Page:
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PlantFiles: Cunninghamia, China-fir, China Fir
Cunninghamia lanceolata

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Family: Cupressaceae (koo-press-AY-see-ee) (Info)
Genus: Cunninghamia (kun-ning-HAM-mee-uh) (Info)
Species: lanceolata (lan-see-oh-LAY-tuh) (Info)

2 vendors have this plant for sale.

2 members have or want this plant for trade.

Category:
Trees

Height:
over 40 ft. (12 m)

Spacing:
20-30 ft. (6-9 m)
30-40 ft. (9-12 m)
over 40 ft. (12 m)

Hardiness:
USDA Zone 6b: to -20.5 C (-5 F)
USDA Zone 7a: to -17.7 C (0 F)
USDA Zone 7b: to -14.9 C (5 F)
USDA Zone 8a: to -12.2 C (10 F)
USDA Zone 8b: to -9.4 C (15 F)
USDA Zone 9a: to -6.6 C (20 F)
USDA Zone 9b: to -3.8 C (25 F)

Sun Exposure:
Sun to Partial Shade

Danger:
Plant has spines or sharp edges; use extreme caution when handling

Bloom Color:
Inconspicuous/none

Bloom Time:
N/A

Foliage:
Grown for foliage
Evergreen
Blue-Green
Aromatic

Other details:
Average Water Needs; Water regularly; do not overwater
Provides winter interest

Soil pH requirements:
6.1 to 6.5 (mildly acidic)

Patent Information:
Non-patented

Propagation Methods:
Unknown - Tell us

Seed Collecting:
Unknown - Tell us

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By sladeofsky
Thumbnail #7 of Cunninghamia lanceolata by sladeofsky

There are a total of 17 photos.
Click here to view them all!

Profile:

6 positives
1 neutral
No negatives

Gardeners' Notes:

RatingAuthorContent
Positive suentommy On Jul 16, 2013, suentommy from Souderton, PA (Zone 6b) wrote:

I have this and a glauca , each about 30 feet tall. They are really pretty trees most of the year, though they do tend to hang on to dead needles. I also have a Monkey Puzzle tree, which is only a few years old and about 5 feet tall. My husband likes the look of the trees, especially this variety but he complains about the sharp needles of all three trees when he cuts the grass. I like the glauca but he feels it is unnaturally blue and hard to blend in in our area. They can be scratchy and are best planted in the background, not where anyone ever walks.

Positive runnow On May 6, 2010, runnow from Sevierville, TN wrote:

This plant appears much more suited to the Southeast than many other conifers. A tough spiny tree with
a distinctive appearence which is used for forestry in south
China. If cut down it can regrow from the roots unlike many other conifers. Probably should not be planted next your
house since it can be a fire hazard.

Positive escambiaguy On Dec 7, 2009, escambiaguy from Atmore, AL (Zone 8b) wrote:

China Fir grows well here in south Alabama. They look better in good soil with plenty of moisture, the ones planted in drier soil seem to have some dieback. For a tall slender tree they seem to hold up well to hurricane force winds.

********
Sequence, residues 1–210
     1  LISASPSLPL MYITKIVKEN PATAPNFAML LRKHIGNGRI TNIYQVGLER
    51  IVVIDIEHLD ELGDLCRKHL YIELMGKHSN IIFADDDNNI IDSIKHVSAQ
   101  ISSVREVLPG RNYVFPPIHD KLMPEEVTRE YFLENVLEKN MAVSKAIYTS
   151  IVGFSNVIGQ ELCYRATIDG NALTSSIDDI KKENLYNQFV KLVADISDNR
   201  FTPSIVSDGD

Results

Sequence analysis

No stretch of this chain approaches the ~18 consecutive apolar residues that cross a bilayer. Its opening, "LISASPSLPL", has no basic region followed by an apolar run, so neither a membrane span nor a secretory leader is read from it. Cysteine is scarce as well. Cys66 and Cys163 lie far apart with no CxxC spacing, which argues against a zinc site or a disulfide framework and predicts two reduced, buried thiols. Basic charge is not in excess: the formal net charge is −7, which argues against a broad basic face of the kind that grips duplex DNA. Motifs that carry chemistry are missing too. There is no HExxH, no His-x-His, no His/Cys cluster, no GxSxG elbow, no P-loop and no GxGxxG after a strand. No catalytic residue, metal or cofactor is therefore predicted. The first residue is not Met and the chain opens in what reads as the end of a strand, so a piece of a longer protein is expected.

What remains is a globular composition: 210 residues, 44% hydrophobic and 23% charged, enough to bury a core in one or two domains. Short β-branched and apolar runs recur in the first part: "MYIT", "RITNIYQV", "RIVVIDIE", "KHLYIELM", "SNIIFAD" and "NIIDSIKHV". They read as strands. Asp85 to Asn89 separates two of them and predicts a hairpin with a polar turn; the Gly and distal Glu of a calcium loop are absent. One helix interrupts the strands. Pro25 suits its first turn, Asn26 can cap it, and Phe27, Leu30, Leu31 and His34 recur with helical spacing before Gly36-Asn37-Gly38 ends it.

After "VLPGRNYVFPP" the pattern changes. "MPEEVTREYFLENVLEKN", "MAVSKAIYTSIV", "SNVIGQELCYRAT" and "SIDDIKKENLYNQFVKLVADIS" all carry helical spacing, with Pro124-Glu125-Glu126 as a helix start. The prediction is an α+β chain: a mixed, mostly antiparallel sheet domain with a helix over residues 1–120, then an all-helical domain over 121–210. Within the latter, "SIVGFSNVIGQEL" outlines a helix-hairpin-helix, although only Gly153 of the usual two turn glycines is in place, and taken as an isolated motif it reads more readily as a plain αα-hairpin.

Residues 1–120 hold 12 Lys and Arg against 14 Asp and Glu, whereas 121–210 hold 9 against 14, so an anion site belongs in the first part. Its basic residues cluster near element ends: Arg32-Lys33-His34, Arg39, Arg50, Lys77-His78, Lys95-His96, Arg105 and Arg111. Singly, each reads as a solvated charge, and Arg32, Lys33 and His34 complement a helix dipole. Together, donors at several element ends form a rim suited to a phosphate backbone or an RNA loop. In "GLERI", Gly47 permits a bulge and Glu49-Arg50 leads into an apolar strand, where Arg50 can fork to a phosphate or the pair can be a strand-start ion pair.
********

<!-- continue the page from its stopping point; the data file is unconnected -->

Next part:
Positive Lakeside3 On Dec 18, 2008, Lakeside3 from Jacksonville, NC wrote:

Planted in zone 8, located in southwest part of garden, recieves part shade evening evening. Lemon-Lime in color during spring through summer then becomes bronze in the fall through the winter. Photo of both seasonal colors posted!

Neutral sladeofsky On May 21, 2006, sladeofsky from Louisville, KY (Zone 6b) wrote:

Warning: Do not propogate this plant by taking cuttings from side branches. Otherwise your tree will produce no leader and have terrible form. Unfortunately few suppliers realize this and are responsible for distributing some very floppy plants. Best grown from seed, or cuttings taken from upright suckers. "Samurai" is glaucus and the most garden worthy form.

Positive bobanddogs On Aug 24, 2003, bobanddogs from Cookeville, TN wrote:

There is also a blue form "Glauca" which is a striking plant with the same drooping but upright appearance of the green form of the species.

Positive gonedutch On Jul 14, 2003, gonedutch from Fairport, NY wrote:

This is an attractive specimen plant and always solicits comments from visitors to the garden. The end of its leaf contains a vicious stiff needle point, so warn the children.

It is a slow grower and is susceptible to leaf burn after prolonged hard frost and wind. However, new green growth soon overcomes the resulting brown foliage.

Regional...

This plant has been said to grow in the following regions:

,
Atmore, Alabama
Gadsden, Alabama
Bigelow, Arkansas
Clermont, Kentucky
Louisville, Kentucky
Versailles, Kentucky
Independence, Louisiana
Poplarville, Mississippi
Saint Louis, Missouri
Absecon, New Jersey
Fairport, New York
Cincinnati, Ohio
Cottage Grove, Oregon
Souderton, Pennsylvania
Conway, South Carolina
Cookeville, Tennessee
Gallatin, Tennessee
Sevierville, Tennessee
Belfair, Washington



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